These ingredients are the key that makes Middle Eastern food explode with flavor. Pick up these specialty items from well-stocked supermarkets, natural-foods stores, Middle Eastern or Asian markets and from persianbasket.com. Plus, find recipes to use them in and learn other ways to use them outside of traditional Middle Eastern cooking.
"When you walk into a spice shop in the Middle East and ask for baharat, they say, 'For what?'" says Lior Lev Sercarz, an Israeli-born chef and owner of La Boîte, a spice emporium in New York City. "It's like a curry—there are so many different varieties."
To toss together a baharat yourself, try this blend he created to go with our Pumpkin Kibbeh recipe.
2 1/2 Tbsp. allspice berries, toasted and ground
2 Tbsp. ground ginger
2 Tbsp. ground cinnamon, preferably Vietnamese
2 Tbsp. rosebuds, ground
1 tsp. black peppercorns, ground
1 tsp. caraway seeds, toasted and ground
Use it up: Mix into ground lamb for burgers; sprinkle over tzatziki.
Related: Healthy Recipes with Ground Lamb
Pictured recipe: Carob Molasses Cake (Sfouf b' Debs)
Dark and viscous like regular molasses, carob molasses has coffee and cocoa undertones.
Use it up: Mix with an equal amount of tahini for a PB&J-like dip; swap for regular molasses.
Pictured recipe: Persian Rice Pie (Tah Chin)
These berries have a lemony, sweet-sour tang.
Use it up: Swap for currants or dried sour cherries.
Pictured recipe: Sugar Snap Pea Salad
Named for the city in northern Syria, these dried chile flakes lend bright fruitiness and gentle heat.
Use it up: Sprinkle on roast vegetables, meats or even fresh fruit or your avocado toast.
Pictured recipe: Roasted Baby Zucchini with Lemon Labneh
The ground tart red berries of the Mediterranean sumac bush add fruity, sour flavor.
Use it up: Garnish hummus or baba ghanoush; add to a tomato and cucumber salad.
Pictured recipe: Pumpkin Kibbeh (Kebbet Laa'tin)
This quick-cooking whole grain is made by parboiling, drying and grinding or cracking wheat berries. It can be fine or coarse.
Use it up: Make tabbouleh or use it as your grain-bowl base.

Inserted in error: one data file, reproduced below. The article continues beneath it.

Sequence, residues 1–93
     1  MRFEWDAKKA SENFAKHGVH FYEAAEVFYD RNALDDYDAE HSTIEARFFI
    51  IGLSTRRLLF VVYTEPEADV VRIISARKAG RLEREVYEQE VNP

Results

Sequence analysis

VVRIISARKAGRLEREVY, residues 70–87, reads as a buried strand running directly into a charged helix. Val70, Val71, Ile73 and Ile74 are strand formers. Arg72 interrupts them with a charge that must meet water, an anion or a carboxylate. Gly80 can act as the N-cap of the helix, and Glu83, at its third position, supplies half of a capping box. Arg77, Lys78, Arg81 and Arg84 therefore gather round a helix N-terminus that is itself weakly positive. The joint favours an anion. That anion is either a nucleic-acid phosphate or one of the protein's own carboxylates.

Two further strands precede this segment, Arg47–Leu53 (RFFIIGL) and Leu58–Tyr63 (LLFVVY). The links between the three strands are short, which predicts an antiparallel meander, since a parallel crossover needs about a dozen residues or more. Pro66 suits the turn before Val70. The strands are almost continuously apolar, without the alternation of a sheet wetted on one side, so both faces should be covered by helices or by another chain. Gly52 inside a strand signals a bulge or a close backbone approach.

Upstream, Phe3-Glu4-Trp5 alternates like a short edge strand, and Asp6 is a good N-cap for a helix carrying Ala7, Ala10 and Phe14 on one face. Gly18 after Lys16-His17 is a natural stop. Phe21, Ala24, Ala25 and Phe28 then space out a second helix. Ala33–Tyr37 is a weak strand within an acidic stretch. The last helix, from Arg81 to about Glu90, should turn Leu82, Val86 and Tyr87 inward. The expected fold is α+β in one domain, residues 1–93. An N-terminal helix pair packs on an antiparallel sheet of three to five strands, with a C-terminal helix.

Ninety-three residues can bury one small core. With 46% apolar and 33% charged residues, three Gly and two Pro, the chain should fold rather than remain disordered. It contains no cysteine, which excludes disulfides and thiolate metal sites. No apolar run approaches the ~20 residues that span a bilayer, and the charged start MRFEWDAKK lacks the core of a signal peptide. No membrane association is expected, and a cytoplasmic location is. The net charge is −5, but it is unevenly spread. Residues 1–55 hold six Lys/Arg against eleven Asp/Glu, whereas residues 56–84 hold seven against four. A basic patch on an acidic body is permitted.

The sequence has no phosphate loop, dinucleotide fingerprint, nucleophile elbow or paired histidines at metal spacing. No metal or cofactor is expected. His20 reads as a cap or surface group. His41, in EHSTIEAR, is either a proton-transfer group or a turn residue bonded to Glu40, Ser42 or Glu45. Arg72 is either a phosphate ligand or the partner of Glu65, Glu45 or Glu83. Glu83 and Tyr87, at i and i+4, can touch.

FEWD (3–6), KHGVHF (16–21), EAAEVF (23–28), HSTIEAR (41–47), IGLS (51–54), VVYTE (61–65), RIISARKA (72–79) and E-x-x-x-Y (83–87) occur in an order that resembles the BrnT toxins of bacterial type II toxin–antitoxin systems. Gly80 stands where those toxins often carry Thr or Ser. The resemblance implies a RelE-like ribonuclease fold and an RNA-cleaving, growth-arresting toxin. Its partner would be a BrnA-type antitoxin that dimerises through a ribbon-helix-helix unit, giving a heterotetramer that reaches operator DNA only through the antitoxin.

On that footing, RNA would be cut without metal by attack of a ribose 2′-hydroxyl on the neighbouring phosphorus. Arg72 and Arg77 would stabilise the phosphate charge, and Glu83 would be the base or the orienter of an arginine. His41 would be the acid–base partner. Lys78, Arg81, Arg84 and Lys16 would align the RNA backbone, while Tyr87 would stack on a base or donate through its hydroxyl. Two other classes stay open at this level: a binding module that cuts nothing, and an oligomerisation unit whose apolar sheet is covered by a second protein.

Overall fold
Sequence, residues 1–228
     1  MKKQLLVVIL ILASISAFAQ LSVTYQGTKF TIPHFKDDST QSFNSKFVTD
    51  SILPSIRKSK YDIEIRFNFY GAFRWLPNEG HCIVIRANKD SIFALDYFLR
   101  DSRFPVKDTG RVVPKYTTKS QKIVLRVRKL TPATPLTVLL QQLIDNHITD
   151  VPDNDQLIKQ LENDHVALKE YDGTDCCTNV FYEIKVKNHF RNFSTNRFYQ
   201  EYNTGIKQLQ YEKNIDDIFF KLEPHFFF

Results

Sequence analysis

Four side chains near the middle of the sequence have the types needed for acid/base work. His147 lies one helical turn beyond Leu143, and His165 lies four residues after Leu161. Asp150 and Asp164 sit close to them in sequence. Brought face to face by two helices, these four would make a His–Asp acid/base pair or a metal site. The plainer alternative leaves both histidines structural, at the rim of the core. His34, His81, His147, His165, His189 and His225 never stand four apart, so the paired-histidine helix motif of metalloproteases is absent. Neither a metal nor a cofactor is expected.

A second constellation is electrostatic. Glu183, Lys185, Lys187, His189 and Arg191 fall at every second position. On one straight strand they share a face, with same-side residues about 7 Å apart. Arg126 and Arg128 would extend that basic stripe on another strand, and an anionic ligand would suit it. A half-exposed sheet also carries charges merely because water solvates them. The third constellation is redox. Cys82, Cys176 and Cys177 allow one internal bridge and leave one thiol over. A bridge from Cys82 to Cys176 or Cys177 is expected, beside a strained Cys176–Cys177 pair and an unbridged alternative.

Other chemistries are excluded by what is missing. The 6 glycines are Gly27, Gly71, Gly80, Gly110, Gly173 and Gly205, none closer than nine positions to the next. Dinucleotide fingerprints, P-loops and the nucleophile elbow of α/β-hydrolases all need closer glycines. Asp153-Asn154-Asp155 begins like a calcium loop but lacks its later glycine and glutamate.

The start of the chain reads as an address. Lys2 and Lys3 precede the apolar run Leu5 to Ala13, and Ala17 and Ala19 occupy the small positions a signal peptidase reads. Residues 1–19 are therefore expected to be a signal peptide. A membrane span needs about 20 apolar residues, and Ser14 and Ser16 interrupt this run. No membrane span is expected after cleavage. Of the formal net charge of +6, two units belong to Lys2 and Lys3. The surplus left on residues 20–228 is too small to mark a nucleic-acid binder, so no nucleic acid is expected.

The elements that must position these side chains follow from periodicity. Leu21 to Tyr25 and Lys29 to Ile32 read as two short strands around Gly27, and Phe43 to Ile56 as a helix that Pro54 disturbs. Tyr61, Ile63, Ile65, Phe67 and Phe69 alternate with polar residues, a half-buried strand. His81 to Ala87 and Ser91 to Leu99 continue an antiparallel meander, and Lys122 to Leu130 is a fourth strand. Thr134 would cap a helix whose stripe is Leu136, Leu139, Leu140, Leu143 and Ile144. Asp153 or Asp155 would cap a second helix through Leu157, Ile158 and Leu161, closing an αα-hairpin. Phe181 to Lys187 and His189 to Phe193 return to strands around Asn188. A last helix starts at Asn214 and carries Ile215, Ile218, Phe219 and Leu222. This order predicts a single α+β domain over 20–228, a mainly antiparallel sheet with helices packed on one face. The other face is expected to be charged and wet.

Pictured recipe: Circassian Chicken (Çerkez Tavugu)
These crimson-colored threads are the delicate stigmas of the saffron crocus flower. They lend a vivid golden hue and rich floral flavor. About 90 percent of saffron comes from Iran.
Use it up: Add to risotto, rice pudding or paella.
Pictured recipe: Freekeh with Grilled Vegetables (Frikeh bel Khodra)
Made from young green wheat that's been roasted and cracked, this whole grain has a toasty, nutty flavor.
Use it up: Use it like you would rice for fried freekeh instead.
Pictured recipe: Lamb & Walnut Gul Börek
A wild herb from the same family as thyme and oregano, za'atar (not to be confused with the popular Mediterranean spice blend za'atar, which sometimes includes this herb) has thin, pointy leaves, like rosemary, and a lemony, peppery flavor.
Use it up: Swap for thyme, oregano, marjoram or rosemary; sprinkle on grilled vegetables, meat or seafood.
Try it in these: Delicious Healthy Recipes with Rosemary
Pictured recipe: Stewed Okra (Yakhnet Bemyieh)
Made from reduced tart pomegranate juice, this dark red syrup adds sweetness and acidity.
Use it up: Glaze roast meat; stir into tea; drizzle over roasted vegetables; make muhammara.
Related: The Antioxidant Power of Pomegranate
Pictured recipe: Eggplant-Shallot Stew
The sticky, candy-sour pulp found inside the pods from the tamarind tree is used to make a concentrated paste (with or without seeds) that's common to dishes from across southern Asia.
Use it up: Make pad thai; stir into sautéed vegetables or salad dressing.
Both the leaves (fresh or dried) and their mustard-colored seeds (whole or ground) have a complex flavor that's a little nutty and almost maple-y.
Use it up: Ground seeds can be used in curry powders, teas, rubs or as a seasoning for cooked vegetables. Add fresh leaves to salads, sauces and curries.
Related: Make Your Own Herbal Tea
Also known as dried tart cherries, they have a lip-puckering flavor.
Use it up: Stir into granola or oatmeal.